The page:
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The paper involves three main fields of linguistic analysis: the pragmatic theory of speech acts, cognitive linguistics and legal language. Its main aim is to demonstrate the relevance of the cognitive framework to the analysis of speech acts and especially the deontic use of the modal verb shall in the legal context. The focus is on the use of the modal, which is mainly used to impose obligations or to confer rights. Thus, its meaning seems to be in most cases a combination of both assertive and directive illocutionary forces when approached from a pragmatic perspective, and a combination of deonticity with futurity and prediction in traditional grammar terminology. The discussion is illustrated with a variety of examples retrieved from a corpus of legal documents drafted in English and translated into Polish.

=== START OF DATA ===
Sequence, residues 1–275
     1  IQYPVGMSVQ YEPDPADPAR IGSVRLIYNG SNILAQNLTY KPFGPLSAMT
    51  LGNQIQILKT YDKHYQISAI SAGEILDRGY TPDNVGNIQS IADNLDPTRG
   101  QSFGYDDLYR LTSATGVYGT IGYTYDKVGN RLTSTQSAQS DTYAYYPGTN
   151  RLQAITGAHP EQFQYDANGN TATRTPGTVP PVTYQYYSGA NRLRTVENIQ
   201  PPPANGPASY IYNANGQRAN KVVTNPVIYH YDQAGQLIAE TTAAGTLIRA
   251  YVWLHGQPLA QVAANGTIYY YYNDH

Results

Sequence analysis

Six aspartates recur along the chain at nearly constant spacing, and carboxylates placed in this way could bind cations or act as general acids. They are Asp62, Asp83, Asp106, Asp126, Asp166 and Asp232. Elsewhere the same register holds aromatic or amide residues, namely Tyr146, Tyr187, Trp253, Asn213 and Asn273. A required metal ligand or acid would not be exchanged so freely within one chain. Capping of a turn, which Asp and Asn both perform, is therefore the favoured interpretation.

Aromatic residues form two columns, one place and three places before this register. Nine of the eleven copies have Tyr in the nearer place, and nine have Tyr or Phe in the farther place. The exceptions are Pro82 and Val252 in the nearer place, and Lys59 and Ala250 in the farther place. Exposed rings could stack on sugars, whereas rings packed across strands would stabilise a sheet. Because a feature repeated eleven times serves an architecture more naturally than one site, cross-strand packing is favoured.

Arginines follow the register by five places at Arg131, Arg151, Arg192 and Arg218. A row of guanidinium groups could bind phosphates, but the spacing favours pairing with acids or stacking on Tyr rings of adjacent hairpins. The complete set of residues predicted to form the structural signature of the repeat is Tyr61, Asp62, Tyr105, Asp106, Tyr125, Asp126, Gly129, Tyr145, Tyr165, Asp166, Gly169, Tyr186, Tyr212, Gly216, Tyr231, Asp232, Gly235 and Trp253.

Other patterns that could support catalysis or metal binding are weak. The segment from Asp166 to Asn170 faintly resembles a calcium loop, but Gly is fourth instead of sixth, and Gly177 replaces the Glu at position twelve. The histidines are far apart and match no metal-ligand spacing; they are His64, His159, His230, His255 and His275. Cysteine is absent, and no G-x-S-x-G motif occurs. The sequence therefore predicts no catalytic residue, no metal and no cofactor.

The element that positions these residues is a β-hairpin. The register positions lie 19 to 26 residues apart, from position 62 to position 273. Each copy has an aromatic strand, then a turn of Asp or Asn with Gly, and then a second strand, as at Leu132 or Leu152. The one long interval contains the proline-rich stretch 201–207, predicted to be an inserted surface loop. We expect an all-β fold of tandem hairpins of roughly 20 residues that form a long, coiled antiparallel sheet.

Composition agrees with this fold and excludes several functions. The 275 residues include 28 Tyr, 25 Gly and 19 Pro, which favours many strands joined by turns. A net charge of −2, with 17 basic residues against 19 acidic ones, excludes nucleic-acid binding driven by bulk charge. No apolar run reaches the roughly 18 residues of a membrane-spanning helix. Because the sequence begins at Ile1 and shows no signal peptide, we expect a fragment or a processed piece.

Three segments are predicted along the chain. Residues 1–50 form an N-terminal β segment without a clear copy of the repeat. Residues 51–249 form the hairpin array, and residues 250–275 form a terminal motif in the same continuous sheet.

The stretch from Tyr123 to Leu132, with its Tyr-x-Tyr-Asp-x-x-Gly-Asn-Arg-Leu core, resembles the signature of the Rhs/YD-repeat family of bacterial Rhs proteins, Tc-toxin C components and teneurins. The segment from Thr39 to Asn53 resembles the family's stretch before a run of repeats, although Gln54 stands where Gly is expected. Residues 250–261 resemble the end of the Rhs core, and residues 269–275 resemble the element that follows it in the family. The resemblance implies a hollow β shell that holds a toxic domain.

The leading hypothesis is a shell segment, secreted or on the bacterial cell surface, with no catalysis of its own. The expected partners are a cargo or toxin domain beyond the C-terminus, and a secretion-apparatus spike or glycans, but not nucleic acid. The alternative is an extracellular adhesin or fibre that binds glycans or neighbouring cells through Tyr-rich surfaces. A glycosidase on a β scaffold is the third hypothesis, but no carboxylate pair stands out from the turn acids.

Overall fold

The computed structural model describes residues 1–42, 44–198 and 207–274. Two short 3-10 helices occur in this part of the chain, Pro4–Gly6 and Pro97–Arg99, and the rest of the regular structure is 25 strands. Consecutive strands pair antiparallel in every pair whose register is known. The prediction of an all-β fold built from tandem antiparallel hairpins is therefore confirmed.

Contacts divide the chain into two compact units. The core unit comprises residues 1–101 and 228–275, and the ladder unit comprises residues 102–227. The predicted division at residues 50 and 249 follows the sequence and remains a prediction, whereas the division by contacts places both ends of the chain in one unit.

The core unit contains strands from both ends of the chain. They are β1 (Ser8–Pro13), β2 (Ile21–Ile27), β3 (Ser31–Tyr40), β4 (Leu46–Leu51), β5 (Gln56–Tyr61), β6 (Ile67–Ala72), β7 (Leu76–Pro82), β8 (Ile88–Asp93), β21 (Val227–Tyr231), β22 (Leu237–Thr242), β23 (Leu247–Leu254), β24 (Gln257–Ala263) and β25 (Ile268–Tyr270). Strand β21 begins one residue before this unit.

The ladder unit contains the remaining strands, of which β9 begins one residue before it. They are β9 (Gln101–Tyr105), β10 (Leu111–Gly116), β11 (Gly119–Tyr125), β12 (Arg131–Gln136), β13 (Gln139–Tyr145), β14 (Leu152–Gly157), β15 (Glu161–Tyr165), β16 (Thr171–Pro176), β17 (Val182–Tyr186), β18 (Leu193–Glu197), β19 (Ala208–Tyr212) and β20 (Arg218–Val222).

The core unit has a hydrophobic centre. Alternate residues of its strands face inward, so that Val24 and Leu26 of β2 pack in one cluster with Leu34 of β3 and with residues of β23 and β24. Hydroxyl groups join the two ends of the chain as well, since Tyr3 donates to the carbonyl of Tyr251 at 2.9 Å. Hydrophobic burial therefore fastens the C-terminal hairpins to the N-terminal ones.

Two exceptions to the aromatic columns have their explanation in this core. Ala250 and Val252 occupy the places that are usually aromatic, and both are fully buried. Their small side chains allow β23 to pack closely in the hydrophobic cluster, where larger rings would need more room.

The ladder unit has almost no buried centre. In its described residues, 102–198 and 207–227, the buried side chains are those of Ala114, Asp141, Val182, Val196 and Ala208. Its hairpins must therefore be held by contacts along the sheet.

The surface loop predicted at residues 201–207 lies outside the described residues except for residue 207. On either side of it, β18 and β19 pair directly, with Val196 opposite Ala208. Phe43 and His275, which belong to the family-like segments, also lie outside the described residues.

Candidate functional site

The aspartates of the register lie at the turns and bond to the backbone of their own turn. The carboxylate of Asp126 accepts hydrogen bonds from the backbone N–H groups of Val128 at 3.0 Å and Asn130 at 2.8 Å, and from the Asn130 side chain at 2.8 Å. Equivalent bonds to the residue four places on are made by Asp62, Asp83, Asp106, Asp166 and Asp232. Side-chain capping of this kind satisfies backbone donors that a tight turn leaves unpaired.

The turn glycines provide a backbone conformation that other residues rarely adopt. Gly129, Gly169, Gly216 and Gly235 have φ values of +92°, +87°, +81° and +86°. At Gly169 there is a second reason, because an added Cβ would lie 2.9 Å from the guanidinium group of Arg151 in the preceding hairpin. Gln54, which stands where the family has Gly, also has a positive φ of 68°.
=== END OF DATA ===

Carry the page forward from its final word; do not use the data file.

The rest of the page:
It is argued that the meaning of most instances of shall in the legal domain, due to its context-sensitivity, can be best accounted for in terms of a cognitive blend, which integrates various aspects of its meaning. These aspects are believed to be inherently vague and possibly an instance of ongoing processes of grammaticalisation, which can only be grasped with reference to the context of a particular expression, thus pragmatic in nature.
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